Joint dislocation is also quite commonly suffered by children with Down syndrome, so working on body strength and core strength is fundamental. Therefore, asanas such as the Plank are of great benefit in terms of strengthening the whole body.


First and foremost with autism, yoga neutralises and calms the sympathetic nervous system bringing inner peacefulness. For the child, this means better sleep, better concentration, and better ability to self-regulate.

Soft chanting and sitting postures at the beginning of class are important for children with autism, it supports their sensitivity to the external world by bringing inner balance so they can make the transition to do yoga, as well as other activities.

A key breath technique for children with autism is deep belly breath. It is very beneficial as often their natural breathing is shallow and fast, and they are often mouth breathers. This means the quality of air is not the same as with a child who breathes through the nose, which is designed to filter the air before it enters the lungs.

Building mutual trust and friendship with their yoga teacher is also a fantastic benefit for children with autism. A bond can be developed naturally in a yoga session precisely because the practice is free-flowing and flexible, rather than focused on achieving set positions or outcomes. The teacher patiently enters the world of the child meeting them on their own level rather than telling them that their world is the wrong one.


For children diagnosed with ADHD, the most valuable benefit of yoga is calming them down and improving their concentration and focus.

Again, yogic breathing exercises are highly important to this process. There is a fundamental link between the breath, the mind and the emotions. All are intimately connected, so by bringing awareness to the breath and fostering calm, controlled breathing patterns, we automatically see a more peaceful and relaxed child.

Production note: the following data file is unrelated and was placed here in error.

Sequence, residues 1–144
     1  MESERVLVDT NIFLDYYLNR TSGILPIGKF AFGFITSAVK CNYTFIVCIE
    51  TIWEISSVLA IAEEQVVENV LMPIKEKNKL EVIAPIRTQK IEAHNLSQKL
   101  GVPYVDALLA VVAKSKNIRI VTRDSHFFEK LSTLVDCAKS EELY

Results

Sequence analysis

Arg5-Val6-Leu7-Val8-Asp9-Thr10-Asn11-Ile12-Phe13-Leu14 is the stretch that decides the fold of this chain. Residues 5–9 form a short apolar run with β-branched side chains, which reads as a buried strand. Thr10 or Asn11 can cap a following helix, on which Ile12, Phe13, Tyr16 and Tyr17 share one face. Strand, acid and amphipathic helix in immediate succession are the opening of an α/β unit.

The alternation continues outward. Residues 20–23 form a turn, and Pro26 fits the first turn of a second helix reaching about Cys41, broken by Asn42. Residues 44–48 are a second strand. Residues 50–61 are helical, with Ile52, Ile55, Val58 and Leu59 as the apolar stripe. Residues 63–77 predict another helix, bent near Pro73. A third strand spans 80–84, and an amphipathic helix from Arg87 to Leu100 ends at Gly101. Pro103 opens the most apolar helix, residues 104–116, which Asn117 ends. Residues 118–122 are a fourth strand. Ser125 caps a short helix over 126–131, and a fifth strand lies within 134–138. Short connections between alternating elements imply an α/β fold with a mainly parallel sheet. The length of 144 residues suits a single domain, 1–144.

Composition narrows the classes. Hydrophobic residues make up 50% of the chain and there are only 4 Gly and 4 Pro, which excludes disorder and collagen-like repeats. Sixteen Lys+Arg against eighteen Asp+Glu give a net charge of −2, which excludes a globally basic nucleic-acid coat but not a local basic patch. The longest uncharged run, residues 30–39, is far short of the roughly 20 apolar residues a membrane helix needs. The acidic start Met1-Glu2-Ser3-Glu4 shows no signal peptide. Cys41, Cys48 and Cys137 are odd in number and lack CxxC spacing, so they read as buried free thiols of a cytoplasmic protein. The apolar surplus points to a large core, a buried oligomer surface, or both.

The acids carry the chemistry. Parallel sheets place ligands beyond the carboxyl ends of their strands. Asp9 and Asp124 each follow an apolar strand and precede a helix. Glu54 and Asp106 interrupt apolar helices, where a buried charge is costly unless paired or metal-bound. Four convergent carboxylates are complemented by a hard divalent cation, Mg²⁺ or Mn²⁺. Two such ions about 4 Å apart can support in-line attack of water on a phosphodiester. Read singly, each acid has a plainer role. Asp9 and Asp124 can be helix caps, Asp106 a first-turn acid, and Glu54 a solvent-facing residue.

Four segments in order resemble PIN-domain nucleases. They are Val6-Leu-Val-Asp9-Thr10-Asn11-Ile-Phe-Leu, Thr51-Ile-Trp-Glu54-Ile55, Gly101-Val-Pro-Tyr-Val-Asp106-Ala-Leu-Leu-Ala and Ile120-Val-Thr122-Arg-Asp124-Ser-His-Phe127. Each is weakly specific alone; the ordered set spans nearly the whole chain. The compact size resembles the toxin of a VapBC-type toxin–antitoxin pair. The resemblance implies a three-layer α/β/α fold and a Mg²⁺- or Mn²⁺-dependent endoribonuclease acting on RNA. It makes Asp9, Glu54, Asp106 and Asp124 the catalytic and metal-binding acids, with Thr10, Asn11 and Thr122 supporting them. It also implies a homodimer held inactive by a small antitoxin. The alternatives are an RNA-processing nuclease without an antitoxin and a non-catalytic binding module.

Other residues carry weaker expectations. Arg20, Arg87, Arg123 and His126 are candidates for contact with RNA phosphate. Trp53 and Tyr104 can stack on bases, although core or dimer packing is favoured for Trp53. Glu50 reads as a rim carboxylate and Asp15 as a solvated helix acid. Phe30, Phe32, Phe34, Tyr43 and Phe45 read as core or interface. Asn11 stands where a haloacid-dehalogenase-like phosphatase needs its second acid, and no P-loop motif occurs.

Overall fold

Physically, yogic breath work (pranayama) stimulates vital areas of the brain and central nervous system. Regular practice helps the child to relax and focus more and more, enabling the teacher to introduce the practice of deep relaxation, enhancing all the benefits of calmness, awareness and concentration.

Deep relaxation is an essential part of yoga. In our modern lives of ongoing choice, stimulation and distraction, real relaxation is often overlooked. This is where the spiritual element of yoga will first appear, as a child is given an opportunity to be with their own silence and internal awareness.

For a child with ADHD, their yoga practice can have significant results, increasing their capacity for schoolwork and peaceful social interaction.

What makes yoga different

The core aim of yoga practice with children is to promote a happy child. It is completely focused on the individual, not on the child’s condition. Often, for children with SEN and disabilities, physical needs are the primary focus and physical milestones become the measure of their health and identity, while essential tools for a happy life like self-esteem and self-acceptance are not considered.

With yoga, the emotional, mental and spiritual wellbeing of the child is given as much importance as the physical. This is what makes yoga so unique and life affirming for children with SEN.

Further information

Denisa Nenova is the founder of the MahaDevi Yoga Centre and senior therapist in The Sonia Sumar Method: Yoga for the Special Child:

Denisa Nenova
Author: Denisa Nenova

Complementary therapies/yoga MahaDevi Yoga Centre

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Complementary therapies/yoga
MahaDevi Yoga Centre